Lucy Wang

Green-Roofed Bourne Lane House Treads Lightly on the English Landscape with Locally Sourced Materials

by , 06/12/14



Nash baker architects, kent, bourne lane, bourne lane house, kent countryside, kent barns, barn-like wings, code for sustainable homes, lifetime home standards, douglas fir, cross laminated timber, green roof, natural light, gable windows

Split into two barn-like wings connected by a central entrance hall, the asymmetric Bourne Lane House and its position in the landscape was largely informed by the client’s desire to maximize natural light and privacy. Natural light streams through the large glazed gable walls, skylights, and windows into the interior rooms arranged to follow the path of the sun. In addition to the central connecting hall that contains the dining area, the wings are separated by function; the first wing consists of the more private sleeping quarters while the second consists of the expansive living area and guest bedroom.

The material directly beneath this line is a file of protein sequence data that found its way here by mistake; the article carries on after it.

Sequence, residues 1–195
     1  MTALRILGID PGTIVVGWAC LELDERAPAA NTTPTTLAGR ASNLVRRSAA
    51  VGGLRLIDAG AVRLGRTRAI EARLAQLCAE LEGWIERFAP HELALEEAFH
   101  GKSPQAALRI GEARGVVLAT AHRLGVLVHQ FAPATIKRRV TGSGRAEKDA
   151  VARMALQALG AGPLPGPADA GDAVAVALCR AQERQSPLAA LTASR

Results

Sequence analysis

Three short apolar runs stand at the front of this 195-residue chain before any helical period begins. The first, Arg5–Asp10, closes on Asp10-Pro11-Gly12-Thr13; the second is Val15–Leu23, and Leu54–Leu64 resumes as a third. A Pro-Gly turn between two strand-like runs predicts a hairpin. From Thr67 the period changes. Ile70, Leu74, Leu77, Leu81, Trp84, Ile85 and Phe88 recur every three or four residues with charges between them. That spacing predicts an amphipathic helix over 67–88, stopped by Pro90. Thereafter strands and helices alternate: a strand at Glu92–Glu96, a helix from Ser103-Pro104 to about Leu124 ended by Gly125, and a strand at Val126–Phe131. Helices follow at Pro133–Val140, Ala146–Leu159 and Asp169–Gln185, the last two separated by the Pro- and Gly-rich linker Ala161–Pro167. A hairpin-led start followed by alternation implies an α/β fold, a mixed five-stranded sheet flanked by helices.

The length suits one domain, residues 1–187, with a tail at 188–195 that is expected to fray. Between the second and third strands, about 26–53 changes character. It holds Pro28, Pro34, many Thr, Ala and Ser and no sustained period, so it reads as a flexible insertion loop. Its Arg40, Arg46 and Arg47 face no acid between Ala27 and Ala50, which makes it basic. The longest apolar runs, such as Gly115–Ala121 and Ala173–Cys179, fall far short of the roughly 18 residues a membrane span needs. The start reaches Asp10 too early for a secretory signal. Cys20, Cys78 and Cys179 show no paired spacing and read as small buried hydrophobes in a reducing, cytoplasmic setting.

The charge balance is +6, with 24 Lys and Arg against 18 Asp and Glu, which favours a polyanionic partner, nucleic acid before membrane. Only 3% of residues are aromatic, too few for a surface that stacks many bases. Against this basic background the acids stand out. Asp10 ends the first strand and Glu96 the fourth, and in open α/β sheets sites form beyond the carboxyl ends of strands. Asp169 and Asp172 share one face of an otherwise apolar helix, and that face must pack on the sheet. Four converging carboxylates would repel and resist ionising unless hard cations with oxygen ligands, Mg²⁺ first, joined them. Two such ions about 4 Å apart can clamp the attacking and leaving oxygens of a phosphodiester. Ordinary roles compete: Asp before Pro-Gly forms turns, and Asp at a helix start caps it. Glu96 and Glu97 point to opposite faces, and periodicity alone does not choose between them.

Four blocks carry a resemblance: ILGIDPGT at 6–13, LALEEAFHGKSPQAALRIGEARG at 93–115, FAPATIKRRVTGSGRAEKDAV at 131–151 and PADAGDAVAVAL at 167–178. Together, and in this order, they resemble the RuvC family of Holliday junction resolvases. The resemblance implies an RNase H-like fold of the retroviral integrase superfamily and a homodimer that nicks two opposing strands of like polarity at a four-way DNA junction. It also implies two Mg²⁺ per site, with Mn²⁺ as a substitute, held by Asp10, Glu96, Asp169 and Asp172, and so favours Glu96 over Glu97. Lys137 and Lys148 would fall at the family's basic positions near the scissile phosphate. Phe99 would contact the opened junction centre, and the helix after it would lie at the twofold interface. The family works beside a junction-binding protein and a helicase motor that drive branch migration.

Related: Stunning Split-View Mountain Lodge is Perched Among Norway’s Snowy Ski Slopes

Designed to meet Code for Sustainable Homes Level 4 and Lifetime Home standards, the house proudly displays its use of locally sourced timber both inside and outside the home. The architects treated the Douglas Fir flooring and exposed cross-laminated timber ceilings with lime to lighten the warm wooden finish. The barn-like wings and central hall window frame the intimate courtyard and garden located in the back of the house.

+ Nash Baker Architects

Via Dezeen

Images via Nash Baker Architects

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